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Goodbye Columbus, Hello ‘Oracle’! Have You Seen the New Statue at Rockefeller Center in NYC?

Photo Credit: Image by Vinzenz Lorenz M from Pixabay

Oh no!

Last week, a new “work of art” was unveiled at New York City’s famous Rockefeller Center. Ladies and gentlemen, in the video below, you can watch as workers pull the covering off of ‘Oracle,’ the new 25-foot tall bronze sculpture that adorns one of Manhattan’s most famous addresses.

According to Reuters, the massive statue with “a huge head joins murals, flags and videos at the venue, all created by Sanford Biggers, whose artwork also includes music and performance.”

Reuters reports that “The seated figure is part of the Harlem-based artist’s Chimera series of sculptures that combine African masks and European figures to explore mythologies of those cultures.”

In a statement, the artist wrote, “I’ve always been intrigued by Rockefeller Center for its architectural history and mythological references” making it “an ideal context for myth creation.”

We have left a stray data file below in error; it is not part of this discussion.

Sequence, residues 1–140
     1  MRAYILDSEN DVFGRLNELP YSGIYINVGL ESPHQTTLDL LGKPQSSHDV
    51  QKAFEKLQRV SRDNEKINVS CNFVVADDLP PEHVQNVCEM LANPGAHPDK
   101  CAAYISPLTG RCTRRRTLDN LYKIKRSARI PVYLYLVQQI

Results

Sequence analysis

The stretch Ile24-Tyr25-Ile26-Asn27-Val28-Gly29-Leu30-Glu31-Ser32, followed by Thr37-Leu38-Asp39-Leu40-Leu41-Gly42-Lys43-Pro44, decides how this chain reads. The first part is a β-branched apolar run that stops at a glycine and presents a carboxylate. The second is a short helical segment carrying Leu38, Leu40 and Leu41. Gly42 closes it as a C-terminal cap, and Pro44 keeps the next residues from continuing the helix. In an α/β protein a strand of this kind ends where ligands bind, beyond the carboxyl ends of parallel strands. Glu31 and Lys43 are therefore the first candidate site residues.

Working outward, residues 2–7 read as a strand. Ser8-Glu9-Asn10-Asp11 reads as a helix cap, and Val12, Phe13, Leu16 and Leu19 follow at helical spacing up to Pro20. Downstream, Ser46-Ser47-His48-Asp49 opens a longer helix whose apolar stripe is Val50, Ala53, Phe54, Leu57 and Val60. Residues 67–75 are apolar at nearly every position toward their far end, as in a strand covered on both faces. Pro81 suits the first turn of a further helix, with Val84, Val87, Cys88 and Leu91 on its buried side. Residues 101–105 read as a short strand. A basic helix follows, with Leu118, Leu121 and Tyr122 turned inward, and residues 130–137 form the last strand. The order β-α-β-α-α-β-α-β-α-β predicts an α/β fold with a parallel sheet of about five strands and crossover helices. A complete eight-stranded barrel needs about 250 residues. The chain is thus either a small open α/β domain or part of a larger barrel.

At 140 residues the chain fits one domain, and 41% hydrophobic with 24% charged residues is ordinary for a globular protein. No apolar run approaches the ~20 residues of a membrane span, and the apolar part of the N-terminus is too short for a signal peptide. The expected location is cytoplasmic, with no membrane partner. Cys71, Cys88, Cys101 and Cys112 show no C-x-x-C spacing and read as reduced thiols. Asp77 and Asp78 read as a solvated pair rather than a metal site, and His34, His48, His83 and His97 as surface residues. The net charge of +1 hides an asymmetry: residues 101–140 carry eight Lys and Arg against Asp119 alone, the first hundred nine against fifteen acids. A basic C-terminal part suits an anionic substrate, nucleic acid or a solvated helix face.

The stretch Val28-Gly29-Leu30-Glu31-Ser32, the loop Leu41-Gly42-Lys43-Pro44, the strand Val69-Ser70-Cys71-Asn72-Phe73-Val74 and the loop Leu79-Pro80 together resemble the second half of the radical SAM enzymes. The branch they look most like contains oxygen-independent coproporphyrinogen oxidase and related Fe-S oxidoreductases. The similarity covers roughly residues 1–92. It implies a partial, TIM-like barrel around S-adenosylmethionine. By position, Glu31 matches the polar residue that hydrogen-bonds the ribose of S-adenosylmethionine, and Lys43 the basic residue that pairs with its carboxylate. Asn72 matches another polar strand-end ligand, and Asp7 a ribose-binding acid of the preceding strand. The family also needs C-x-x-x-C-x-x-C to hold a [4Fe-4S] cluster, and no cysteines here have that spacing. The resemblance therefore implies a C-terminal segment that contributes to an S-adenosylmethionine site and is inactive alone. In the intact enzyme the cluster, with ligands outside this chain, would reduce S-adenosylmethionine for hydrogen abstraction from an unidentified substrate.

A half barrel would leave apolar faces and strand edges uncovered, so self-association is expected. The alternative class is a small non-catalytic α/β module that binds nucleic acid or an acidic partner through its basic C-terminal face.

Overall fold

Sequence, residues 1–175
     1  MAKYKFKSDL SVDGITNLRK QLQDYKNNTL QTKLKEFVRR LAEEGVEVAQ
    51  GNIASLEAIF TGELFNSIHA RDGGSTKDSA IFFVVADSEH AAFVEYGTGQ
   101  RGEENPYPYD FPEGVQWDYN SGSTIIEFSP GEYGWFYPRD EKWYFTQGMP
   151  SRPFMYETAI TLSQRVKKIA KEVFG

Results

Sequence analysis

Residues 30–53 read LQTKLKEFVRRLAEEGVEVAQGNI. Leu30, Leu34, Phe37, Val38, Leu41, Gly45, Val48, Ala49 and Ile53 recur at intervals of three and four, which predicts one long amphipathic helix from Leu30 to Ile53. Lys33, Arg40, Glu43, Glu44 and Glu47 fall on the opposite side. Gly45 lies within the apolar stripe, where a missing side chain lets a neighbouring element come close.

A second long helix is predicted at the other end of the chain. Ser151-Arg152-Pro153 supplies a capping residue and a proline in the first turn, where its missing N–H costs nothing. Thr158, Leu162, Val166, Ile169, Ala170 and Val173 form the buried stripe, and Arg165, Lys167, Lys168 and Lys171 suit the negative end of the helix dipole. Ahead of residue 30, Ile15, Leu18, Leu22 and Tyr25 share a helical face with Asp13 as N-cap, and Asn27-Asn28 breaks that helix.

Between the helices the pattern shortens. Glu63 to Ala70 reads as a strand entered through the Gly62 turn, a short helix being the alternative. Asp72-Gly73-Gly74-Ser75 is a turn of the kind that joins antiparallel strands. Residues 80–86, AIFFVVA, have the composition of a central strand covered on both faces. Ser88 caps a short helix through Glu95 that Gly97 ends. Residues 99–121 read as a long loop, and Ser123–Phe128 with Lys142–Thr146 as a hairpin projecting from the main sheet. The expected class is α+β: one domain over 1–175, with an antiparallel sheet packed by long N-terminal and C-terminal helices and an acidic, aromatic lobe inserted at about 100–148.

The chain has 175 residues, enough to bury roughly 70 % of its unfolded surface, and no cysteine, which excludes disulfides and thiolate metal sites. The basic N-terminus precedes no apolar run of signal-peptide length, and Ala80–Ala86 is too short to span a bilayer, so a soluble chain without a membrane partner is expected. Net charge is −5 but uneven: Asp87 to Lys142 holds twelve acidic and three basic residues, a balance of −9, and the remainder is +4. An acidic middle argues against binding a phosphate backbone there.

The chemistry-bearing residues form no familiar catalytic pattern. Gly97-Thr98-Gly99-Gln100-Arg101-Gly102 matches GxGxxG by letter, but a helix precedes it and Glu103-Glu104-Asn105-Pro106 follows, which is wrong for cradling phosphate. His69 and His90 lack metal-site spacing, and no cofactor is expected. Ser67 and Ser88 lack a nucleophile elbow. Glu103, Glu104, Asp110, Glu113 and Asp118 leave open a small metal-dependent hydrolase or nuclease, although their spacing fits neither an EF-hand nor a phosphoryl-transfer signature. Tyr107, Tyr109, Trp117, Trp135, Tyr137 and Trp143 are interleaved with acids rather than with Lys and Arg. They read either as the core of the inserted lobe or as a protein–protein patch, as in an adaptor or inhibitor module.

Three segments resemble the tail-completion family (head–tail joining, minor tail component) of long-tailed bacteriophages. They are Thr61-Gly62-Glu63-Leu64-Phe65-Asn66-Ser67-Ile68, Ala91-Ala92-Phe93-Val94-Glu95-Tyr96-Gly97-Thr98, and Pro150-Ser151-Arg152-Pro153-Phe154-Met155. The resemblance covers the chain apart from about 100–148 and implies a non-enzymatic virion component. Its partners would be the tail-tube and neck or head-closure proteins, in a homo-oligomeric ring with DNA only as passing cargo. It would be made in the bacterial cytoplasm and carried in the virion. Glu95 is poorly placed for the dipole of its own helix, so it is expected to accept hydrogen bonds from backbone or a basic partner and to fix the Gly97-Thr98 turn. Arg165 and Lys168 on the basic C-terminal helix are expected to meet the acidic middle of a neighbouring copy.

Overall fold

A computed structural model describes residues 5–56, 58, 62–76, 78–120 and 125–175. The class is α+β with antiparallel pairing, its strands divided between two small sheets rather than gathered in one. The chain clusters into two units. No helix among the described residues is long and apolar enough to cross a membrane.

Eurweb reported on the statue as well:

This spring, multiple disciplinary artist Sanford Biggers will transform Rockefeller Center with several public art exhibitions, including the highly anticipated monumental Oracle sculpture. Presented by ART PRODUCTION FUND and ROCKEFELLER CENTER, in partnership with MARIANNE BOESKY GALLERY, and several years in the making, Biggers will be the first artist invited by Rockefeller Center for a multimedia survey exhibition campus-wide from May 5 to June 29, 2021.

Yes, it certainly does transform Roc Center. In fact, it dominates Roc Center.

Can we expect similar works to spring up in cities throughout the country in the future?

On June 29, ‘Oracle’ will be starting a tour. We wonder if he’ll be coming back “home” when it’s over.

Readers, please tell us your reaction to this statue in the comment section below.

1 reply »

  1. Is that statue really Elmer Fudd in a toga? (‘Wascally WOracle.) Give me 24 hours to let the anti-inflammatory fully work and I’ll take a chance on looking at it again. In the meanwhile, is there a second prize for looking at something else this artist has created? I wonder if a resident of the city can sue for a public display of ugly?

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